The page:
Anti-Doping Crusader Steps Down

Univ of Waterloo AD and good friend of THF steps down

Bob Copeland is leaving his post as the University of Waterloo’s athletics director after enduring one of the most turbulent periods in the school’s history.

Copeland has resigned from UW, effective this fall, ending a five-year term, the university announced Friday.

The 48-year-old Woodstock resident’s run was fraught with as many hills as valleys, as he shepherded his university through one of the biggest doping scandals ever in Canadian sport.

But it was Copeland’s reaction to those trying events in 2010 – and his follow through – which turned him into one of Canada’s leading anti-doping crusaders, said his counterpart at Wilfrid Laurier University.

“Bob gets it,” said WLU’s Peter Baxter. “He understands how sports can transform people’s lives. He turned something terrible (the steroid controversy) into something extremely good.”

Back in 2010, Copeland was tipped off by police when one of UW’s football players was arrested and later convicted for possession of a large stash of performance-enhancing drugs.

Copeland immediately ordered unprecedented teamwide testing.

Those tests revealed nine doping violations among the football Warriors, including the first North American athlete to test positive for human growth hormone.

Copeland’s “courageous” actions shone a light on the persistent problem of doping, Texas-based clean sport advocate Don Hooton, said at the time.

Ever since, Copeland has been at the vanguard of a movement to shore up testing and anti-doping education for Canada’s university athletes.

He helped to launch a number of clean-sport task forces, a peer education project at both local universities and an anti-doping outreach program for local students in Grades 7 through 12.

“Ordering the drug tests of his football team was the right thing to do. It was a game-changer, ” said Hooton.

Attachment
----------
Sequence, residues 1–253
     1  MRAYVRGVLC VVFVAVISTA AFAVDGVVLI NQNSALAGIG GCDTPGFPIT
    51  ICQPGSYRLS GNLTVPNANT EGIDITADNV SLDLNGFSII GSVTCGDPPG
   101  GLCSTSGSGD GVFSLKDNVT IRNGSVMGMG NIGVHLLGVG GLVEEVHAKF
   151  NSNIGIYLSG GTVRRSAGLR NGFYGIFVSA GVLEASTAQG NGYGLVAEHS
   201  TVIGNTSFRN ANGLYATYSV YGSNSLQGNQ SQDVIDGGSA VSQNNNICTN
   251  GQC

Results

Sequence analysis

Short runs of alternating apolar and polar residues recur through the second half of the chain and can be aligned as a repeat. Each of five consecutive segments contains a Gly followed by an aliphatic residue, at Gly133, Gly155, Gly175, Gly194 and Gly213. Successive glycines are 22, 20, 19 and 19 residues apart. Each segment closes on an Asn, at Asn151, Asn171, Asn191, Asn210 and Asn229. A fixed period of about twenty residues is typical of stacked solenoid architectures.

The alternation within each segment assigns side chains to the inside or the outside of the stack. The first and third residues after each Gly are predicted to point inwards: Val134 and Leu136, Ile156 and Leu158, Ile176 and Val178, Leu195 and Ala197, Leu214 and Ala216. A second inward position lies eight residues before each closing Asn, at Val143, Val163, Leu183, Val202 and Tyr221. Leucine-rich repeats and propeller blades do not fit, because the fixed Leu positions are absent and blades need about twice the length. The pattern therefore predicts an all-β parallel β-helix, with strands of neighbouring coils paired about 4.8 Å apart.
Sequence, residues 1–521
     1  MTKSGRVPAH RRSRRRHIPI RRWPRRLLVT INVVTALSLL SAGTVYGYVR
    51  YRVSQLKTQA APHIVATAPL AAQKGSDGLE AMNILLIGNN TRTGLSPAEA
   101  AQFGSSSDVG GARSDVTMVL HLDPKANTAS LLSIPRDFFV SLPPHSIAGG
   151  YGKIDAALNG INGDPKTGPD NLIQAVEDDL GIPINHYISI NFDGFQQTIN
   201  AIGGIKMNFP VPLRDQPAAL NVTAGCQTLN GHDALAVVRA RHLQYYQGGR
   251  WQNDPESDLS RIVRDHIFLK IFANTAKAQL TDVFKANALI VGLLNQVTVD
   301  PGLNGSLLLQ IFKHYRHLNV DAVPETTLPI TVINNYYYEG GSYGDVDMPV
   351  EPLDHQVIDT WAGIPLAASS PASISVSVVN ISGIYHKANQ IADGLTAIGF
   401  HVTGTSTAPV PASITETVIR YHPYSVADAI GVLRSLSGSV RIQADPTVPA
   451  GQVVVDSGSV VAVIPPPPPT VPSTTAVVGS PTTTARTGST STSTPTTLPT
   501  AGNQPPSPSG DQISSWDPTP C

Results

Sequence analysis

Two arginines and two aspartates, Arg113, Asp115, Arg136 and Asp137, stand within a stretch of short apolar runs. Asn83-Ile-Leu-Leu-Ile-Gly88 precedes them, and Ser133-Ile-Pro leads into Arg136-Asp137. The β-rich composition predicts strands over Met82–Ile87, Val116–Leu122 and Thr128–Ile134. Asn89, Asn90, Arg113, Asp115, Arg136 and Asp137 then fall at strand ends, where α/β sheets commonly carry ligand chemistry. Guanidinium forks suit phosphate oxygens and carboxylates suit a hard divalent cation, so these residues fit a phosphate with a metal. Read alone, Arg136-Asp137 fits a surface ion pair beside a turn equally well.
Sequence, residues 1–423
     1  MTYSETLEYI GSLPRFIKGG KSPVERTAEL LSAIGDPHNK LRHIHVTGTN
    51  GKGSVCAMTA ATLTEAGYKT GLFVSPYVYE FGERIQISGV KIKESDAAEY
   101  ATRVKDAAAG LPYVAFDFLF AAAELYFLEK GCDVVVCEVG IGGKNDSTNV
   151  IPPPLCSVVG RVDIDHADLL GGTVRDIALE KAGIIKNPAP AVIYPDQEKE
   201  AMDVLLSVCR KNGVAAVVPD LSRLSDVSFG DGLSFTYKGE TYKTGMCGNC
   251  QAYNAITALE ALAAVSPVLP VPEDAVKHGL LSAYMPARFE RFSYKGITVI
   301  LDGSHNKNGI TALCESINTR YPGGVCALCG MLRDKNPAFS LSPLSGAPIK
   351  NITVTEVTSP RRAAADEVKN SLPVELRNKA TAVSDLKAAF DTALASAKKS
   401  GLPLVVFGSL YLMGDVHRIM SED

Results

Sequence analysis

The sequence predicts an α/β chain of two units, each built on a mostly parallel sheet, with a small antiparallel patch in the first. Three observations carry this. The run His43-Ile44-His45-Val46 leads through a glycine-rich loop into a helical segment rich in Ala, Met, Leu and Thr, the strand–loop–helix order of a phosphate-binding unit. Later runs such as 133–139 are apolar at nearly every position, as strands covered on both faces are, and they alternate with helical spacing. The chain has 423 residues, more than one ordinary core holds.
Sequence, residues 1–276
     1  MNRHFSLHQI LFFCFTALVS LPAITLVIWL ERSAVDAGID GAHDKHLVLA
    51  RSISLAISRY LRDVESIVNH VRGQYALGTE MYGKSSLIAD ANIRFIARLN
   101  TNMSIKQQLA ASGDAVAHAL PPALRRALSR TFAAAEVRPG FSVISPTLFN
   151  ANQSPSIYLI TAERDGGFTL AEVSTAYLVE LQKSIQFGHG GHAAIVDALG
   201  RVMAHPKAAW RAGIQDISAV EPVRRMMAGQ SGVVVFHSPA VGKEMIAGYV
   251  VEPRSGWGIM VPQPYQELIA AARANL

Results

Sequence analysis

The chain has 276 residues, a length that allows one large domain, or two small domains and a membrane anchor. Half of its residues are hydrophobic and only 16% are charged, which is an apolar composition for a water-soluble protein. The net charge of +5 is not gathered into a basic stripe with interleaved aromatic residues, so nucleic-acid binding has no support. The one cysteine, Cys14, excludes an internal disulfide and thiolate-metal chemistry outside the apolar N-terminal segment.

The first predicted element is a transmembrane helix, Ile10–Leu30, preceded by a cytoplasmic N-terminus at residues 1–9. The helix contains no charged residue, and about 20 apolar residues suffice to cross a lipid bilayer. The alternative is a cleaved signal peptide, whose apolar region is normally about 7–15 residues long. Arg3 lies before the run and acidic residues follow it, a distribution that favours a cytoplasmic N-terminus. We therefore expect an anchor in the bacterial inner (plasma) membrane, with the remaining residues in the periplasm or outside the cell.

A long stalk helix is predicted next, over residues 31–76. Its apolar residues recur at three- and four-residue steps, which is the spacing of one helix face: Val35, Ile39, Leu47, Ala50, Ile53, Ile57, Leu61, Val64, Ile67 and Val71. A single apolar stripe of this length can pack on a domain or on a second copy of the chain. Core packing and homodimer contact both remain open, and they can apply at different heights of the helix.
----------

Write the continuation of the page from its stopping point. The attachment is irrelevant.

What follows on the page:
“It changed the way PEDs are dealt with in Canadian universities. And the University of Waterloo put the health and well-being of its kids ahead of everything else.”

Copeland also stood behind senior administration’s unpopular decision to suspend the football team through the 2011 season.

An alumnus and former football player at UW, Copeland also ushered in the expansion of Warrior Field and spearheaded the school’s decision to offer athletic scholarships for incoming student-athletes.

He is also credited with bringing in several high-profile coaches like the men’s basketball coach at Waterloo, Greg Francis, and its new head football coach, Joe Paopao.

“It’s the right time for me and for the department,” Copeland said on Friday.

“I’m looking at new opportunities. There’s another chapter for me to write. I’m expecting to land on the sporting planet.”

Copeland would not say what prompted his decision. But two independent sources indicated Copeland may have run into administrative roadblocks as he tried to chart a bold course for UW athletics.

Copeland’s departure comes after a 17-year career in various capacities at UW, including a stint as the school’s associate vice-president of development and alumni affairs.

“We will miss his passion and determination to advance the university,” Chris Read, UW’s associate provost of students, said in a release.

“I think his decision caught a lot of people by surprise,” said Paopao. “I’ll miss him, too. A lot has happened under Bob’s watch in a good way.”

Copeland said he’ll continue his advocacy work in clean sport.

“I have zero regrets.”

He leaves the university on Nov. 1.

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